Professor Naira Hovakimyan.After a successful flight test on Calspan’s variable-stability Learjet aircraft last year, an L1 adaptive flight control system is being modified for the
The VISTA flight test, conducted by the U.S. Air Force Test Pilot School, is expected to take place in September of this year at Edwards Air Force Base in California.
The progression from testing on the Learjet to the VISTA F-16 was a natural one, said Puig-Navarro, and the next steps will be crucial. The Learjet testing itself was a huge milestone, but only certain aspects of the L1 system were tested on the Learjet aircraft. The Learjet was chosen for the first test at Edwards Air force base because it is less expensive to operate and allowed the researchers to collect over 18 hours of flight data.
“The Learjet is a slower aircraft with inherently stable dynamics, while the F-16 is more maneuverable, with faster dynamics,” Puig-Navarro explained. “The Learjet was definitely very challenging, and a necessary step on the way to the F-16. As a result, all the experience acquired from the Learjet tests was very important to move on to a faster and more dynamically challenging aircraft.”
Ackerman said the Learjet flight tests demonstrated the ability of the L1 flight control system to consistently restore the safe flying and handling qualities of the nominal Learjet aircraft in the presence of several failure configurations.
With the VISTA F-16, additional failure configurations will be tested to demonstrate the ability of the L1 flight control law to compensate for off-nominal dynamics, actuator failures, and other types of uncertainties not included in the Learjet flight tests. Additionally, the structure of the control algorithm will include some modifications to better estimate the internal states of the aircraft and account for a wider range of uncertainties. Once these changes are in place, the L1 can be implemented on the VISTA for flight testing.
Like the Learjet, the VISTA flights will be manned, so safety during the flight test is a major concern. The VISTA comes with a Variable Stability System (VSS) computer, which is used to simulate off-nominal dynamics and aircraft failures, as well as ensure the safety of the flight crew. In the event of a problem, the VSS computers can lock out the research flight control system and give control back to the safety pilot. Because of these safety features, Ackerman said it isn’t necessary to do as much verification and validation testing of the flight control system as would be required for a non-research aircraft.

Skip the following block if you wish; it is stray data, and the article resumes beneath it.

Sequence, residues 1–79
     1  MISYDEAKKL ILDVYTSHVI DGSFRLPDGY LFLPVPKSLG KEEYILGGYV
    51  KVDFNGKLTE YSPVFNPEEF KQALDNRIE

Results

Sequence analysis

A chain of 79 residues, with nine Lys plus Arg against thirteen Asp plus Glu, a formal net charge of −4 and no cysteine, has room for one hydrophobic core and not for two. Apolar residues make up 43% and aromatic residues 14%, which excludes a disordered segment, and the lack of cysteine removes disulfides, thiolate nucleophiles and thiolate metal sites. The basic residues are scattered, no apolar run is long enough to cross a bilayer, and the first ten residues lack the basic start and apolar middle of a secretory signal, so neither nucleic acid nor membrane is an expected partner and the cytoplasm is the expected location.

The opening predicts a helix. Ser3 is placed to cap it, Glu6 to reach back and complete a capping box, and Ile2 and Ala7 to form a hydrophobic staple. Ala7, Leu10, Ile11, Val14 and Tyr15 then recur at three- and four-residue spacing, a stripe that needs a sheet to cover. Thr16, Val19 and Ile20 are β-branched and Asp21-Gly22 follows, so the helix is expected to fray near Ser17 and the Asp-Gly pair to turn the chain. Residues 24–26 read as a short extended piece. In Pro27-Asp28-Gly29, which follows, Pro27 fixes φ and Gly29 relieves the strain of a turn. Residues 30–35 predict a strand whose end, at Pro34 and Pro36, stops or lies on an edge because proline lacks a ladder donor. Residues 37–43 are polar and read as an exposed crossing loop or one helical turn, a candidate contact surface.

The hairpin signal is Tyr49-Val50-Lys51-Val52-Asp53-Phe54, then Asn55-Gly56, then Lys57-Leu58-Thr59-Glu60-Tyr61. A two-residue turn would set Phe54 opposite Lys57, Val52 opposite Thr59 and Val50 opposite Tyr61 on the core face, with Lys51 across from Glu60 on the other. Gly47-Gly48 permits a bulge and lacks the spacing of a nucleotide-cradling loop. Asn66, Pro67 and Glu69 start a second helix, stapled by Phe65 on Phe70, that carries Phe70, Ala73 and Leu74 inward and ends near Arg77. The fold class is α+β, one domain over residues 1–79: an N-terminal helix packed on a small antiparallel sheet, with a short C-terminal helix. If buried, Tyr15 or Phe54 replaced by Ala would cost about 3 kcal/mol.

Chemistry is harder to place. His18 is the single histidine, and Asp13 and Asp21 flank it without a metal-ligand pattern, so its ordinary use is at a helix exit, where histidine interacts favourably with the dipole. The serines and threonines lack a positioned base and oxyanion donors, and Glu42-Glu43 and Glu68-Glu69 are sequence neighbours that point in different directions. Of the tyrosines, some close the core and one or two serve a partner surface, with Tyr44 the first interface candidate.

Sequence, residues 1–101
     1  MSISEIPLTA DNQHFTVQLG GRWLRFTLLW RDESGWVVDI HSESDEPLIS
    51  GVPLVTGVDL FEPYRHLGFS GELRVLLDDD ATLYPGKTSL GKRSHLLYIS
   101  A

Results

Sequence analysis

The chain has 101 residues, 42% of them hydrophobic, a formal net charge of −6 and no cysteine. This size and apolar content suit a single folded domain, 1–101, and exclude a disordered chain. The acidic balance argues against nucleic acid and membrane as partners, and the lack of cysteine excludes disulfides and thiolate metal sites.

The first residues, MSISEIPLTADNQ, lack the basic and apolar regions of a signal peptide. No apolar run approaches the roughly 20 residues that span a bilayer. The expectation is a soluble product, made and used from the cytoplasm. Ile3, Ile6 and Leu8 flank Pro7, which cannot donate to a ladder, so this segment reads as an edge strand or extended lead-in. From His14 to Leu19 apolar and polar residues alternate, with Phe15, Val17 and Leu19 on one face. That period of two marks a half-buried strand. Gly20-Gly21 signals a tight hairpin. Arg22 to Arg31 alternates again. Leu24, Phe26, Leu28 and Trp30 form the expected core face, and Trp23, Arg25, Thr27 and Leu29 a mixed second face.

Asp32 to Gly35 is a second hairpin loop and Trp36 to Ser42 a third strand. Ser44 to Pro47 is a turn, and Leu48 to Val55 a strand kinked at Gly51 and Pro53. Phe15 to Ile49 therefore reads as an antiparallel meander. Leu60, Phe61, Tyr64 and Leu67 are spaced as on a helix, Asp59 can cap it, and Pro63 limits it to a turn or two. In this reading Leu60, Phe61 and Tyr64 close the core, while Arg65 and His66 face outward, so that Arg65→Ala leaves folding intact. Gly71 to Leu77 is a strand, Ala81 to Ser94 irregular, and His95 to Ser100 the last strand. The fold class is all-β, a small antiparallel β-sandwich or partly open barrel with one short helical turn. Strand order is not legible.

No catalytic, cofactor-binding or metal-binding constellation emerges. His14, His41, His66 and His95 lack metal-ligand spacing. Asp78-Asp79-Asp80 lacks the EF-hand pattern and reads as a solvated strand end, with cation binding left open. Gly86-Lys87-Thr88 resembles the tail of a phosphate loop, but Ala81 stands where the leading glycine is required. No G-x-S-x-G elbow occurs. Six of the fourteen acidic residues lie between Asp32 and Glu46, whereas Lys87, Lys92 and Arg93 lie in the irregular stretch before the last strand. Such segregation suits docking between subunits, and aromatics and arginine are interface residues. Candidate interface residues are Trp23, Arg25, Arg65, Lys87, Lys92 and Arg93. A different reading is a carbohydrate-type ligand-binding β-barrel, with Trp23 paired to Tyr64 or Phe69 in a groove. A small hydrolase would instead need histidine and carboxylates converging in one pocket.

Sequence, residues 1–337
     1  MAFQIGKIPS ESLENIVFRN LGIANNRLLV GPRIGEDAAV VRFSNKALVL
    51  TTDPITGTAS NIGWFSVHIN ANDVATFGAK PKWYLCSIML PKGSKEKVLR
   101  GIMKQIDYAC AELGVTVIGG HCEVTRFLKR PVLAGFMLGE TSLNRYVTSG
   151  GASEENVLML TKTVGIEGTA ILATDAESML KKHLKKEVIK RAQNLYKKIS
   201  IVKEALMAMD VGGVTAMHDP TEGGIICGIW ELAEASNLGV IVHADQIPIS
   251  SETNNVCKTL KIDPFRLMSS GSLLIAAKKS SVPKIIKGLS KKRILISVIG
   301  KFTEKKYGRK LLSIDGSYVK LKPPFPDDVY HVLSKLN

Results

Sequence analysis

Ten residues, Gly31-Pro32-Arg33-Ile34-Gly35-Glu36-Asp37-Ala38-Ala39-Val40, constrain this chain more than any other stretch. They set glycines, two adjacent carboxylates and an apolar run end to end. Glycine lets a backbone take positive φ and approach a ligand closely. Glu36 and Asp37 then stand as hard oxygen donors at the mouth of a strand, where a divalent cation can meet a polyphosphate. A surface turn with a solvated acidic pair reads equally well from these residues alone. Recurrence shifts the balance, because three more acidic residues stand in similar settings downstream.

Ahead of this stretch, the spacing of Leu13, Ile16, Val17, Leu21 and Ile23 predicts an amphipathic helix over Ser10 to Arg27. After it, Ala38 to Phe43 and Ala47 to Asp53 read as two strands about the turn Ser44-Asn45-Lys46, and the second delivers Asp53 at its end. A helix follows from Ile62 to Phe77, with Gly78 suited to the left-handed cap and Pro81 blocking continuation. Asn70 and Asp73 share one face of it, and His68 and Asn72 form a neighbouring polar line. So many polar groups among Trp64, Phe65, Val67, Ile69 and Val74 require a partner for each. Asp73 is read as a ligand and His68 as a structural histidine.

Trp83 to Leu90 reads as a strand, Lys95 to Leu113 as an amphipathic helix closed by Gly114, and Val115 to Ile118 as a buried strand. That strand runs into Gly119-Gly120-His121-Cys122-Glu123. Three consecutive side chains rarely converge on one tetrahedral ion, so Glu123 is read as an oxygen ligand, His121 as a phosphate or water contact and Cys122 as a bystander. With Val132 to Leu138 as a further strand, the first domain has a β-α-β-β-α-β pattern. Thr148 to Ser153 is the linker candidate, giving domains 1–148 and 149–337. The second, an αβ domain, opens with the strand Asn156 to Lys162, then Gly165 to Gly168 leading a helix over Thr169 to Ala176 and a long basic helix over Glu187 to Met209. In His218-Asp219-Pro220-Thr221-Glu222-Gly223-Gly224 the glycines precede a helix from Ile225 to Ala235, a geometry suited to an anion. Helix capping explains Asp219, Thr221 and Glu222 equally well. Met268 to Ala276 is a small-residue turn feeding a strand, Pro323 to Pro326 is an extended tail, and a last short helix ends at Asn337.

“If something does go very badly, you have a safety system that gives control to a safety pilot in a configuration that is known to be safe,” Ackerman said. “That being said, being a manned aircraft, and wanting the project to succeed, we put a lot of work into making sure the software works the way we want it to.”
Before the algorithms are tested in flight, extensive computer simulations will be performed to guarantee that the flight control algorithm is correct and the L1 performs as expected. The team will initiate simulations with the nominal VISTA aircraft model and will progressively stress the control algorithm by exposing it to more challenging scenarios.
After the September flight tests, Hovakimyan and her team hope to be one step closer to incorporating an L1 control system on more advanced aircraft, leading (in the distant future) to implementation on commercial aircraft. L1 adaptive control has the potential to make flights much safer, Ackerman said. In the event of a failure, it allows the pilot to focus on landing the airplane and getting the passengers out safely. Additionally, since the L1 system can compensate for undesirable dynamics, it may result in a more pleasant flight experience for passengers, said Puig-Navarro.
L1 adaptive control has been in development for only 10 years, and many more test flights and extended research are required before it can be considered for commercial use.
“Every new opportunity is extremely precious, and we value our relationship with Edwards Air Force Base Test Pilot School students and instructors for helping us to test our methods on a new platform every year,” said Hovakimyan. “The benefits to humanity will be safer aviation, fewer crashes, and more robust and stable flight.”
The first flight tests resulting from Hovakimyan’s research in L1 adaptive control started when NASA, Boeing, and the Air Force were researching methods for improving aviation safety from 2005 to 2010. According to Hovakimyan, previous adaptive methods for controlling aircraft under dangerous conditions needed improvements.
“It was clear that the conventional approach to adaptive control aiming for complete compensation of uncertainties, irrespective of their frequency range, achieved only asymptotic results without any quantification of the transient performance bounds, and it is during the transients resulting from unpredictable circumstances that crashes happen,” she said.
During the first tests on NASA’s AirSTAR’s Generic Transport Model remotely piloted aircraft, the L1 adaptive flight control system was the only research flight controller cleared by NASA test pilots for the unpredictable, highly uncertain stall and post-stall flight regimes, and it consistently delivered predictable performance, rendering the aircraft controllable for the pilots.
Ackerman and Puig-Navarro are looking forward to how their work will continue to unfold. The team believes that the VISTA flight tests will build upon the success of the NASA AirSTAR and Learjet projects and continue to demonstrate the efficacy of L1 adaptive control in aviation safety.